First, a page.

On Sunday, May 19 at 3 pm Eastern Time, L. Scott Sussman, M.D., and Debbie Dye, R.N. will join us for the last Casual Conversation before our 55thReunion in Hanover.  The topic is hospice care.


Scott is Physician Executive Director, Office of Chief Medical Officer, Yale New Haven Hospital.  He is my wife Shirley’s son, and he did his residency in internal medicine at Dartmouth-Hitchcock Medical Center, and specializes hospice and palliative care medicine.  His Yale School of Medicine page may be found here: L. Scott Sussman, MD, FHM, FACP < Yale School of Medicine .  Scott’s Yale Medicine page is here:https://www.yalemedicine.org/specialists/l-scott-sussman .  I have seen how gracious and comforting Scott is when he helped his grandmother (Shirley’s mother) in her final days in home hospice care.  (Rose Mantelmacher, a Holocaust survivor, was a guest in a Casual Conversation when she was 99 years old, just a few weeks before she died.  Her last words: “I am what I am.”  And she was.)


Nurse Dye comes to us courtesy of classmate Bruce Alpert, M.D.  She was the nurse who helped Bruce with his cardiology outreach clinic in Arkansas, and she is a professional pilot in her spare time.  Debbie has worked for ten years at St. Bernards, Flo and Phil Jones Hospice House, Jonesboro, Arkansas.  She must be an extraordinary caregiver to have lasted that long as a hospice care nurse, a profession with a notoriously short tenure.


In introducing this topic, it might be best to start with a book that Scott has recommended: The In-Between: Unforgettable encounters during life’s final moments by Hadley Vlahos, R.N. (Penguin Random House 2023) ISBN 978-0-593-49993-1.  Nurse Hadley was in ER medicine before she shifted to hospice care.  In the ER, patients are treated, but not in hospice care: patients are given comfort.  This is how she relates a conversation with the physician assigned to her hospice care company:


              So, I just do nothing? . . .


              No, you call her family and give them an update.  You get her favorite foods and let her do her favorite things.  You ask her again if she’s comfortable and when she isn’t you call me back so we can make sure she is, and you keep doing that until she is happy.  What you are doing is important, even if society doesn’t always see that.


And it doesn’t.  Hadley learned not to speak about what she does to her friends when they go out for a social hour.  And I had a lesson in that form of aversion and denial when I raised this topic as the next on the Casual Conversation agenda with the Class Executive Committee.  Several classmates commented on how much they would not look forward to this session, making jokes about how depressing a topic it is.


I hope they change their minds—and defy their fear--and join us.  And I hope they—and you—read the book Scott recommends.  It is beautifully written, integrating her own life with the stories of the hospice care she gave to a dozen men and women, rich and poor, young and old.  One of them was homeless who lived under a bridge on the beach, and who was protected by the community of men and women who lived there with him.  Another was her own mother-in-law who died from a glioblastoma and the last patient, a 35-year-old man who was dying of brain cancer.  Could she face this after her mother-in-law died of brain cancer?  Yes, she could, and she did.  She tells about a patient who gave her advice on how to deal with Hadley’s own eating disorder (which Hadley traces to a father who called her and her mother fat and walked out on them).  Her patient, who knew from whence she spoke, told Hadley:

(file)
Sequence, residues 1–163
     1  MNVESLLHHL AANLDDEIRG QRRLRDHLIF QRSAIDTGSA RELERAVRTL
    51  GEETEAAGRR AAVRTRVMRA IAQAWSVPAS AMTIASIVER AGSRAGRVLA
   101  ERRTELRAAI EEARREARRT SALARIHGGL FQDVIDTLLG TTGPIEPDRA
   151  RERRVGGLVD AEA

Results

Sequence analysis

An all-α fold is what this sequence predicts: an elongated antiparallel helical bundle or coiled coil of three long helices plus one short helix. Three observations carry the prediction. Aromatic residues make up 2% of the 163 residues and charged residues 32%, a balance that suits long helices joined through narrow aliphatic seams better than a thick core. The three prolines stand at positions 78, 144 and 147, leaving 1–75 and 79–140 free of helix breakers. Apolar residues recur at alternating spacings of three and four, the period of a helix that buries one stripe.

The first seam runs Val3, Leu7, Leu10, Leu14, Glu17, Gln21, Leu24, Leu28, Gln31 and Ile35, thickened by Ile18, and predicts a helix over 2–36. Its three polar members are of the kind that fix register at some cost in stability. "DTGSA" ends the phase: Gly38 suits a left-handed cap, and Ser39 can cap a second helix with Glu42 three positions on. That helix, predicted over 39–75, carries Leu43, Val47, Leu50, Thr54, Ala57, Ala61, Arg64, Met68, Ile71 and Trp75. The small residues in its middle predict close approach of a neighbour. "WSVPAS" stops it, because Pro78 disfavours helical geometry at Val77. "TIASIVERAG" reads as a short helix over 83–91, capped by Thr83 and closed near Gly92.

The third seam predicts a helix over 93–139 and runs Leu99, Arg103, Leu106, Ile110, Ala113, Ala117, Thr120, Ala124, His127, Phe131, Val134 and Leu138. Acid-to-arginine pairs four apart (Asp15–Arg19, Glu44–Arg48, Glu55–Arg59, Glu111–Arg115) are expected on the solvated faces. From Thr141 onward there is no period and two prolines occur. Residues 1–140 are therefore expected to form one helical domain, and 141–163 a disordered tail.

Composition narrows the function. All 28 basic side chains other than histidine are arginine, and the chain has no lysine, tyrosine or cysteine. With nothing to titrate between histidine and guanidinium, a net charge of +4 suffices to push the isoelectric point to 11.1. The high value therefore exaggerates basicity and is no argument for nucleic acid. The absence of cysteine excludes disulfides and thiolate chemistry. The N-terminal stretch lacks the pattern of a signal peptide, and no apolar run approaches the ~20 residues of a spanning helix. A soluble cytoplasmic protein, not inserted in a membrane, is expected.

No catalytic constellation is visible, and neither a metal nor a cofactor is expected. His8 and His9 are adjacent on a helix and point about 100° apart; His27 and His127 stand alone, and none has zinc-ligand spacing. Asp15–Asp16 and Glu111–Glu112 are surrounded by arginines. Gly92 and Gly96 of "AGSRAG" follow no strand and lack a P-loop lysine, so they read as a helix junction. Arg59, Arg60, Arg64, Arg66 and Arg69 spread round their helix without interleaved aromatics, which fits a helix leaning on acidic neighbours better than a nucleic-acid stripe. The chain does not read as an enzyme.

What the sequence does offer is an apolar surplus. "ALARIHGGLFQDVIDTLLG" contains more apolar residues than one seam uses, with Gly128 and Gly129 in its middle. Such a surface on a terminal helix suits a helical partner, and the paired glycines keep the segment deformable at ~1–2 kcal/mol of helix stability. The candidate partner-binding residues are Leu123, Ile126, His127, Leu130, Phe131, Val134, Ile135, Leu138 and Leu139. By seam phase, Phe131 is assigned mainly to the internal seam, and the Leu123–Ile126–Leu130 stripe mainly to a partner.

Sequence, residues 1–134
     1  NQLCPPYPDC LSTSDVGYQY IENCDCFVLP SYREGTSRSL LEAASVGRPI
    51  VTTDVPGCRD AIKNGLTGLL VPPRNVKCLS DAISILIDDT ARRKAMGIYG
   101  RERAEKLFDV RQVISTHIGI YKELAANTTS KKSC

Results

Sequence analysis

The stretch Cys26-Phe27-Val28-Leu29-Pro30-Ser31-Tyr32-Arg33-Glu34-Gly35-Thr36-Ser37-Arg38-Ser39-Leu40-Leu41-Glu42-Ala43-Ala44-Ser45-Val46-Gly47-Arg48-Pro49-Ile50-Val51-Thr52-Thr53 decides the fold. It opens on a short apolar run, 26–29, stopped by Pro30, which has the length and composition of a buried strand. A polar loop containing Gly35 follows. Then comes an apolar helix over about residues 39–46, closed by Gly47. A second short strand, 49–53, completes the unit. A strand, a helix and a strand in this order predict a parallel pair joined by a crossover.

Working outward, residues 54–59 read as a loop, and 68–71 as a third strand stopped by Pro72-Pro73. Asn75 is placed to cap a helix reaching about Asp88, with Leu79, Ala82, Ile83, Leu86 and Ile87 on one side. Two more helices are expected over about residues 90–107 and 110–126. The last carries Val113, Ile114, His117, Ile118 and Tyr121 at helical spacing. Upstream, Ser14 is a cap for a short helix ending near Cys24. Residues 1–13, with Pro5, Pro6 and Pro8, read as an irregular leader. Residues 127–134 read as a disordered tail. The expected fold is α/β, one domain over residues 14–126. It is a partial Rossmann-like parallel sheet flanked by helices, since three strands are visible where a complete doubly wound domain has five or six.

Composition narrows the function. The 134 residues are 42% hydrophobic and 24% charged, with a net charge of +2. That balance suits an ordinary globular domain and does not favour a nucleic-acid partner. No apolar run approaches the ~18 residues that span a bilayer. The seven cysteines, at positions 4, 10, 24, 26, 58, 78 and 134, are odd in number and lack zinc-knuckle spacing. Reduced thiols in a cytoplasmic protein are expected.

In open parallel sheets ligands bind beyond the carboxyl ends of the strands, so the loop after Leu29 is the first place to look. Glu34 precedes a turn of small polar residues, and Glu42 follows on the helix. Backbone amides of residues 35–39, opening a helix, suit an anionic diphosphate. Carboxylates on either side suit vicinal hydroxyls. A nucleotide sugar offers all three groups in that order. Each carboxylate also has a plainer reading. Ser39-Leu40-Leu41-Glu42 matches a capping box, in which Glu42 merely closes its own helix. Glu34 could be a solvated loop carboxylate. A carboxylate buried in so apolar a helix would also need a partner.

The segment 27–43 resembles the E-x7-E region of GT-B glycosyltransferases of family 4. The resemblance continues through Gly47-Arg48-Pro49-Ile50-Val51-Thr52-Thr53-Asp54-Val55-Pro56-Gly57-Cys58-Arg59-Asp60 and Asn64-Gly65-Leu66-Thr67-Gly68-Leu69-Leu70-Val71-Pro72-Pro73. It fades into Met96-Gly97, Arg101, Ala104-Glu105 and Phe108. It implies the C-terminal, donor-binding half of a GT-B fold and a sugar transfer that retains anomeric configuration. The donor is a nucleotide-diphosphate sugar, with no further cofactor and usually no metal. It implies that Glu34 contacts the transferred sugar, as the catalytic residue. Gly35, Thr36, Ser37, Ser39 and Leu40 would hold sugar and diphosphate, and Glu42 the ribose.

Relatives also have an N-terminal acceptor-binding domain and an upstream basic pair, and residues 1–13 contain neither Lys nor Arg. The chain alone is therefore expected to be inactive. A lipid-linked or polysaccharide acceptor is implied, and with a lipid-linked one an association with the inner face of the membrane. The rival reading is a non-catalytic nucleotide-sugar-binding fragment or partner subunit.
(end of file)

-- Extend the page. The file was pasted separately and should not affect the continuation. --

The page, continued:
“Eat the cake.”


And you will read about visitations that happen again and again, including a man who (in a “surge” close to death) was searching his room for his son who died from drowning decades before at age two.  Hadley got down on the floor with him to look under the bed.  Long-dead parents appear to counsel a patient.  Deceased husbands and wives.  And you don’t need to be religious to experience a visitation: Hadley recounts one determinedly atheist patient who had a visitation.


I dare you to read this without tearing up (and sobbing).  But whether you read this book or not, I urge you to be present for this Casual Conversation and to bring along your partners, children, and others.  You will learn about the Medicare guidelines and the technical aspects of obtaining hospice care.  And you will also learn what the care in “hospice care” means. 


And what life is.  I will let Hadley tell us:


[N]o matter what our different circumstances might be, death is a part of life for each and every one of us—there is no white picket fence we can build that’s strong enough to waylay the natural course of things.  When the time comes, we all want the same things: care, comfort, and connection.


Some of you, I hope, will remember that one of our classmates joined a Casual Conversation from his hospice bed.  He wanted connection and we, as a Class, could supply it.  That desire never ends.


Please join us.  If you want to, please let me know by close of business Friday, May 17 by emailing me at arthur.fergenson@ansalaw.com .


“Eat the cake.”


Arthur Fergenson

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